18 August 2019

TEACH-NOW . . . Module 5, Week 1, Activity 3: Data-based Modifications of Formative Assessments

Formative assessments are significant tools in any classroom, but they look quite different in the ART STUDIO. For me, formative assessments look like conversations between students, gallery walks, sketchbook journaling, one-on-one conversations between student and teacher, self-assessments, and ball tossing. It’s important for me that I find assessments that fit my teaching style, and it’s also essential that I not mess up the studio environment that has already been established by the students. 

I snagged the following paragraph from Wynita Harmonover at The Art of Education blog spot. I couldn’t have described my teaching and classroom culture better myself: 

“I personally teach from a Teaching for Artistic Behavior (TAB) point of view. The TAB website describes the learning environment by stating, “TAB classrooms are highly structured environments. Students scaffold their own learning, sometimes going deeply into specific subjects or media. They work at their own pace, following their own lines of inquiry, and develop skills as they need them.””

Essentially, the my art classroom is student-centered, enthusiastic, and the kiddos act and work as studio artists. This fits in well with my COMMUNITY and COLLABORATIVE norms and procedures. And creates individual thinkers who act and work like a TEAM, which really contributes to the idea of FLOW.

I teach skills and techniques, vocabulary and history daily. But not in the form of tests or projects or through books. I teach vocabulary through modeling how to talk about artwork. I teach history when it’s relevant to something contemporary that we are looking at (I don’t want the students thinking that the only important artists are the dead ones). And I teach skills and techniques based on individual projects and what each student needs. Of course, all of these things vary based on the age of students I am working with. But for the most part, all of my students Nursery – Grade 8 are creating work in this vein.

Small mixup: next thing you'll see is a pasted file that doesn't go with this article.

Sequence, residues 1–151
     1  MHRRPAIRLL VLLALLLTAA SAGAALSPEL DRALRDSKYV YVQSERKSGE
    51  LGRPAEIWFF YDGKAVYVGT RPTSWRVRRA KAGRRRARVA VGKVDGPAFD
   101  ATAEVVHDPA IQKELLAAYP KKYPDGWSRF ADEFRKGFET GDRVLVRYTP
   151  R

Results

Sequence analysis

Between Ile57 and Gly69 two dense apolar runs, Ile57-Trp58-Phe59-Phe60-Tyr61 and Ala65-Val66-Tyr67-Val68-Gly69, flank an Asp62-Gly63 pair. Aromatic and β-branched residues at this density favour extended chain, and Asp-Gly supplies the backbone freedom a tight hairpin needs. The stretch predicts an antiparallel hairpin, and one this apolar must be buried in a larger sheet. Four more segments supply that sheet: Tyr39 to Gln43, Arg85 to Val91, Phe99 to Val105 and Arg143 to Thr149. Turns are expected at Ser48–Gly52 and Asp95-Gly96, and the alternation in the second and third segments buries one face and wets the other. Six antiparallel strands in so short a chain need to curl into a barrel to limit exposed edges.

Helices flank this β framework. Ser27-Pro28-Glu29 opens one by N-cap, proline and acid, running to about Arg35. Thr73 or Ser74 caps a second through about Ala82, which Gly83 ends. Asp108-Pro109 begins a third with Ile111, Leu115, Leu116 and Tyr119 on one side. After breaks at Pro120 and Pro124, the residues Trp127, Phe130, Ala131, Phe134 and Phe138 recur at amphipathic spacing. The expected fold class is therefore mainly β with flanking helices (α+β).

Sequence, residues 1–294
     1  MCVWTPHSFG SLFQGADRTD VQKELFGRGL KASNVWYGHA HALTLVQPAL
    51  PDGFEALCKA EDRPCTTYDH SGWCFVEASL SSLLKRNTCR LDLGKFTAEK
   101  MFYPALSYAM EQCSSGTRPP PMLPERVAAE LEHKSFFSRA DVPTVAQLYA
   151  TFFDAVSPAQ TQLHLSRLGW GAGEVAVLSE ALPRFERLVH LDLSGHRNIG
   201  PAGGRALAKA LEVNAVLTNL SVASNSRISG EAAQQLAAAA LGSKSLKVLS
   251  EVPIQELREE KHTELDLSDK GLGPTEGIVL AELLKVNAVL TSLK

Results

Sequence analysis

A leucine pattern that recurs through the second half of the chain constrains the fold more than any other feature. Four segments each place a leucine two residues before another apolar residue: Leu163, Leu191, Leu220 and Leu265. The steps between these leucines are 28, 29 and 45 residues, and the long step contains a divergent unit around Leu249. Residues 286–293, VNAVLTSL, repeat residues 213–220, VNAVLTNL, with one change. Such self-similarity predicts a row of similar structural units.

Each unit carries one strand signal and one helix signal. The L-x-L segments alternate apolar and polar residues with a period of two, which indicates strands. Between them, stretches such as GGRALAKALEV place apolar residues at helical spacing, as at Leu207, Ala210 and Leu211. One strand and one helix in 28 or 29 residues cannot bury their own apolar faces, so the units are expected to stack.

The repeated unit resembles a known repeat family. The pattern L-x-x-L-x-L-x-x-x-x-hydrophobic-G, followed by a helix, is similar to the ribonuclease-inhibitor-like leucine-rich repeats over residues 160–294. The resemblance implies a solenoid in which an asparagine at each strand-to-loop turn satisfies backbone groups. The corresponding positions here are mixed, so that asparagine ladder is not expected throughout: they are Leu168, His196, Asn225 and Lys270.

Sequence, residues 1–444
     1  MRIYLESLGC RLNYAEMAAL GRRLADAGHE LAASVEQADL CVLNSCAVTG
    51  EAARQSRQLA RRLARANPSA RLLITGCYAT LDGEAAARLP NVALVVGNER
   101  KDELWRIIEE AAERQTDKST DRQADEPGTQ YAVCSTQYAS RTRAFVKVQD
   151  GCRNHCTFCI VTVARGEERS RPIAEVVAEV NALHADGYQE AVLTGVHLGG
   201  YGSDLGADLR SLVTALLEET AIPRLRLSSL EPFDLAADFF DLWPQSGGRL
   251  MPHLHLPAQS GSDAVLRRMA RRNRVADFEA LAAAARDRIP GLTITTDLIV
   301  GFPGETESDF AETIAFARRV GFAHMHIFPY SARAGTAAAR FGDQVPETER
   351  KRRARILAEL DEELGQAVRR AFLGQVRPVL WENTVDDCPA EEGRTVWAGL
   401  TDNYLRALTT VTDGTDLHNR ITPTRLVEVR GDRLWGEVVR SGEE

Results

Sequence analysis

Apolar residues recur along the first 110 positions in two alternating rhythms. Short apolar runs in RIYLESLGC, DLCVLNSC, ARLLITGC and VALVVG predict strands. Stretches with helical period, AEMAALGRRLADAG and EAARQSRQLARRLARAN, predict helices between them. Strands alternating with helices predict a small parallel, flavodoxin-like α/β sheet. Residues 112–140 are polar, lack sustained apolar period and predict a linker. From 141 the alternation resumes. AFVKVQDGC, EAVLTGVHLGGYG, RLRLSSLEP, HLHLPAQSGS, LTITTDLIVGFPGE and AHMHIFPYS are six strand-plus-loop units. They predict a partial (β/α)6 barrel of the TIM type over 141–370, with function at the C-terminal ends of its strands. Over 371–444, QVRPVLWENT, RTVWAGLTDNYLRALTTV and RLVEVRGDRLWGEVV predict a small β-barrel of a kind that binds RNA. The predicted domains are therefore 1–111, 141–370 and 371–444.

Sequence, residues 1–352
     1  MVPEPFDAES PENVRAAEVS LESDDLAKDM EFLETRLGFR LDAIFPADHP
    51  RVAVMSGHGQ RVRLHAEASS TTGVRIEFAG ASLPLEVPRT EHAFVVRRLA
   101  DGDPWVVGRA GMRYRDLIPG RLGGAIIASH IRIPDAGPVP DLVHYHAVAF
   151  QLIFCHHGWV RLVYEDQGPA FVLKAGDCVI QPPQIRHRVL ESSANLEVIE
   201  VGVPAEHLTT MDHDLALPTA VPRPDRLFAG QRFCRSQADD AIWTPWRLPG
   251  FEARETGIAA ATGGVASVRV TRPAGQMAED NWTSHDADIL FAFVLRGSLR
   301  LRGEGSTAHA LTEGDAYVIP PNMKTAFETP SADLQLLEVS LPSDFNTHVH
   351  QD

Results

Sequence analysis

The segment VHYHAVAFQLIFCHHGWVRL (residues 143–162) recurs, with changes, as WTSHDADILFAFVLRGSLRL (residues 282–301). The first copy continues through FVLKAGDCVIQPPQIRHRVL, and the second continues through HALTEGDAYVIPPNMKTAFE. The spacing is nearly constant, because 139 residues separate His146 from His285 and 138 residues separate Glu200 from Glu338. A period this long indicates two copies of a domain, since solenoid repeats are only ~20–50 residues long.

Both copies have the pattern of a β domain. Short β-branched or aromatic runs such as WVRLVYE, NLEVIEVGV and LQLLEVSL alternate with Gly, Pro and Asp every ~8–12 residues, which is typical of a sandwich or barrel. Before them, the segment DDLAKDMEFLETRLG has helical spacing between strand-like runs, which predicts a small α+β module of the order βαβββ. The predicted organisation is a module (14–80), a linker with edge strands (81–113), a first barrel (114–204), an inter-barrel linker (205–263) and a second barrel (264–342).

I teach in an IB PYP school. So I collaborate with homeroom teachers, other specialists, and I follow the Unit of Inquiry when it’s authentic to what my students are inquiring about. I modify my teaching and assessments daily, almost to the minute, really. I honestly try and focus everything I do with my teaching on my conversations with the students and what they feel like doing on any particular day. It took a long while for me to figure this out . . . But when the students are the facilitators of their own learning, they challenge themselves to do things they never thought they could do. I’m just kind of there to guide them along and assess as I need to.  

As a bonus, below are some arts-based assessments that could work for a variety of classrooms. I really love the examples given with each assessment, especially the Beach Ball and 3-2-1. This list was created from a more comprehensive list by Sarah Dougherty, also from The Art of Education University.
1. Conga Line – a great way to share ideas with different partners; two lines of students face each other, one line moves with same question or a new one.

2. Inner/Outer Circle – same as Conga Line except with circles, better for limited spaces

3. Pair-Share – activates prior knowledge or shares learned concepts with partners, can be timed

4. Jigsaw/Experts in Residence – each group becomes an expert on a certain part of the lesson, then debriefs the whole group

5. 3-2-1– good closer: three points to remember, two things you liked, one question you still have.

6. Quick Write/Draw — Given a topic, students write and/or draw freely during a timed period (I DO THIS ONE A LOT!!)

7. Gallery Walk – stations with information, participants can write on post-its or directly on the poster with thoughts, comments, or questions

8. Think-Write-Share – Same as pair-share, but gives students more time to organize their thoughts

9. Beach Ball – Concepts are written on a beach ball. As a student catches it, they give a thought or clarify the concept closest to one of their thumbs

10. SOS — Students write a quick Statement, an Opinion based on the statement, and finally a Supporting piece of factual evidence.

11. Poll the Class — Use a simple show of hands, white boards, or even a clicker program, poll the class on foundational knowledge, opinions, or even where they are in their learning.

12. Grade Yourself — Have students give themselves an in-progress grade, then explain why their work is earning that grade. Give them explicit standards and relevant vocab to use in their explanation.


Arts Achieve Impacting Student Success. (n.d.). Retrieved from http://www.artsachieve.org/formative-assessment

Dougherty, S. (n.d.) 20 Quick Formative Assessments You Can Use TODAY. [Blogpost].Retrieved from https://theartofeducation.edu/2013/10/18/20-quick-formative-assessments-you-can-use-today/

Harmon, W. (n.d.) 6 Strategies for Fast and Formative Assessments. [Blogpost]. Retrieved from https://theartofeducation.edu/2019/01/18/6-strategies-for-fast-and-formative-assessments/

TAB Teaching for Artistic Behavior. (n.d.). Retrieved from http://teachingforartisticbehavior.org/what-is-tab.html

Visual Thinking Strategies. (n.d.). Retrieved 
       from https://vtshome.org/

Visual Thinking Strategies – The Three Simple Questions. (n.d.). Retrieved from https://emprobstvts.weebly.com/vts-the-three-simple-questions.html

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